I’ve been reading articles today.
When you’re working, but not want to work, the only thing you could do is read articles, to make it at least look like you’re doing something. Unfortunately, ever since webdesigners started using big headers and bright images, it got kind of hard to make it look like you’re being productive. Trying to convince your boss you’re actually reading about the effect of something on a company when a big picture of a cute kitten covers the page just isn’t going to work out. Resulting in me, at work, not having any other option but to find articles about webdesign. Content is my favorite part, yet I have also read articles about webdesign itself, colors, CSS, making things obvious, you get my point.
My problem is that they all try to convince you that their part, their element, is the best.
Which part of a website is the most important?
I’m reading in phases. I don’t read “a little bit of this and that”, I’m a binge-reader. I’m either reading about colors and their effects on people all day, or not at all. This results in me constantly changing my mind, because like I said, all articles try to convince me that the subject of the article is the most important thing. So at first I’ll be all about colors, then about code, then about one page websites and why they are so cool, then about content, simple design, flat design, detailed design, functional design… I keep thinking that whatever I’m reading about is the most important thing about creating a website.
While it’s not!
A website, a good website, consists of elements. Shall we just… since it’s not a My Little Pony reference at all… Take the actual Elements of Harmony from My Little Pony? Yes, let’s do it. My Little Pony is a TV show for kids, yet has lots of adult fans, too. Adults love it because it has lots of valuable lessons, even for adults, and makes you think about the world and about people. Before you ask: yes, I am a fan. Let me introduce you to these ponies, first.
Fluttershy – Kindness
Fluttershy is the kindest pony and she’s there for everyone. You can’t make mistakes when you’re with Fluttershy, she’ll forgive you. Fluttershy is a forgiving format. Don’t tell people there are no results when they search for “guitat” instead of “guitar”. Give them a suggestion instead, like Google: “Did you mean ‘guitar’?”. Also, make the whole button clickable instead of only the text inside it.
Rainbow Dash – Loyalty
Rainbow Dash is loyal. That’s what your website should be too: everyone should be able to rely on it. Your website is a savior, a hero, the one that’ll support others, always. We’re talking about usability here. Make sure your website has a good contrast, a screenreader, alt-tags so people using screen readers can still hear what your image is about, and the possibility to increase or decrease font size. (The decrease function is pretty useful for people wanting to read your article at work without looking like they’re not productive- alright, I’m kidding. Just make sure you have a proper font size.)
Apple Jack – Honesty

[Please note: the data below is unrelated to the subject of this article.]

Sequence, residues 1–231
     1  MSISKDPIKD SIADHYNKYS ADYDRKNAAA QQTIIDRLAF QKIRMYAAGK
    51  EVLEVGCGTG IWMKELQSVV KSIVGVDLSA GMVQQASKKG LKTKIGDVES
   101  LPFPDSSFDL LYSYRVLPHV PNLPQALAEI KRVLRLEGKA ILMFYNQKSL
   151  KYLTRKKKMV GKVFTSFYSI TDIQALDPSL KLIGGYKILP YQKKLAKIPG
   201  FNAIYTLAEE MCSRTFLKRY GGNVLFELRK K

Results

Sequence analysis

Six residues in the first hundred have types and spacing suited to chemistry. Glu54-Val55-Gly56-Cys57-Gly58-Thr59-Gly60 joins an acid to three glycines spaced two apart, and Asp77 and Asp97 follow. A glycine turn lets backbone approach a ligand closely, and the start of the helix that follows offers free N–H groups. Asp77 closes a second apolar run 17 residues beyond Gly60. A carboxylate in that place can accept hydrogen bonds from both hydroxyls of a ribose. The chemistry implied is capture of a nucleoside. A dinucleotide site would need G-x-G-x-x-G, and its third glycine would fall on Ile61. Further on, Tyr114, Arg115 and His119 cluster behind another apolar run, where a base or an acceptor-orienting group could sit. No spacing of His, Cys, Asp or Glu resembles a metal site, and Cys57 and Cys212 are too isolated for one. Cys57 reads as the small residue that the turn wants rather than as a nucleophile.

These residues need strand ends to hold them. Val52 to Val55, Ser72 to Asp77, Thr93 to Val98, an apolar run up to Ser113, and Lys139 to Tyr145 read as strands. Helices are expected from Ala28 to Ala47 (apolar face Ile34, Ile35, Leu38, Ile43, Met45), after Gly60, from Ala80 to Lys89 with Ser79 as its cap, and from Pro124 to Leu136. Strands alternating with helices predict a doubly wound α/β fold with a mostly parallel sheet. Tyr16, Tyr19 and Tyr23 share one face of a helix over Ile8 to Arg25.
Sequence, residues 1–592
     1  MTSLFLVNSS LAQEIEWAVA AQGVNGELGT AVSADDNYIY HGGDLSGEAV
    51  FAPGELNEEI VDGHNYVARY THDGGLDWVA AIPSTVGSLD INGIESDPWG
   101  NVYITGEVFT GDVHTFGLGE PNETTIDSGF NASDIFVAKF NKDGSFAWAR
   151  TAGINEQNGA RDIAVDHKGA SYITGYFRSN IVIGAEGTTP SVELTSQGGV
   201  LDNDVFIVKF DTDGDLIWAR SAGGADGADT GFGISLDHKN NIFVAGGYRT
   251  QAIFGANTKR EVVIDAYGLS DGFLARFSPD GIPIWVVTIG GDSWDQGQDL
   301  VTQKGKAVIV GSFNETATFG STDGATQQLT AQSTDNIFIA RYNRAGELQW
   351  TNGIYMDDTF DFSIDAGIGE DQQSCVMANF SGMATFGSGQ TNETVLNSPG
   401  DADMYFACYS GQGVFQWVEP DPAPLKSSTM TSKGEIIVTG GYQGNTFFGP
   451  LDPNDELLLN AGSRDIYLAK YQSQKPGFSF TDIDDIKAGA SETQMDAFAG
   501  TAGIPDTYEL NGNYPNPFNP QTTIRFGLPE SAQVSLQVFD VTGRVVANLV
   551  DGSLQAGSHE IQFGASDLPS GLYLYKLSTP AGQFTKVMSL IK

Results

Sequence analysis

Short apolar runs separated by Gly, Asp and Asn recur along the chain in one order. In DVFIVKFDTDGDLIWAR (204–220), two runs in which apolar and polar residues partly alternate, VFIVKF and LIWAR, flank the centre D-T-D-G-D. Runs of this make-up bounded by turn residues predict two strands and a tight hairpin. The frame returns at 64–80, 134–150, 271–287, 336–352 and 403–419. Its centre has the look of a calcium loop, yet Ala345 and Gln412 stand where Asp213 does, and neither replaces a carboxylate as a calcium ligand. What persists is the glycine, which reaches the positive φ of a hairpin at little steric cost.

Apple Jack is always honest and she always wants the best for you. Be honest about your product! If it’s a work-in-progress, if you don’t have any other colors, if a certain part looks like it’s made from glass but is actually plastic – nobody cares, but TELL THEM. You don’t want an angry customer who got a bright pink vacuum cleaner while he wanted a red one. Or something. Clear pictures, make sure the customer is able to zoom in, describe things with text, let people write reviews.
Pinkie Pie – Laughter
Pinkie Pie loves to have fun, and so should you. This is about content. Make jokes! Be personal! Make your customers realise that you’re just a human behind a computer too, and you want the best for them. Show that you love your product. Don’t just tell them that your product is awesome, tell them WHY it’s awesome, let people test your product and create a video about it, create infographics. Show people that it’s fun to use your product.
(oh, and pssh: Pinkie Pie also loves candy. So do your customers. Small goodies, like keychains or even little cards, make customers happy. See Generosity below)
Rarity – Generosity
Rarity is a generous, but also a fashionable and formal pony. Same counts for your website – be generous and formal at the same time. Handle complaints and angry customers with care and don’t hesitate to give them any kind of compensation. The personal thing is also key here: a bouquet of flowers with a handwritten card on it where you say you’re terribly sorry will probably make a customer happier than just getting an e-mail with “we’re very sorry”. And in case of just a conversion: A customer can get very happy from a personal sweet little card (even if it’s just printed) with a “Thanks for buying our product!” too!
Twilight Sparkle – Magic
And if you’ve done all these things and combined them, you’ll create Magic. Blind people, deaf people, people with complaints, people without complaints, just usual people: everyone will know you care about them. And that makes people happy! They might tell others about your product and about what a great company you have. These other people will buy your product faster, because the people who had complaints told them that complaints are being solved fast and without any trouble.
There is no ‘golden element’
Do not believe any article that tells you it’s “all in the content” or “all about a blue layout instead of a red one” – no. If you have the best texts but no layout, nobody will buy your product. If your layout and content is perfect but you don’t have any product images, nobody will buy your product. Only all these elements together will create Magic, will create total harmony and will create the happiest customers.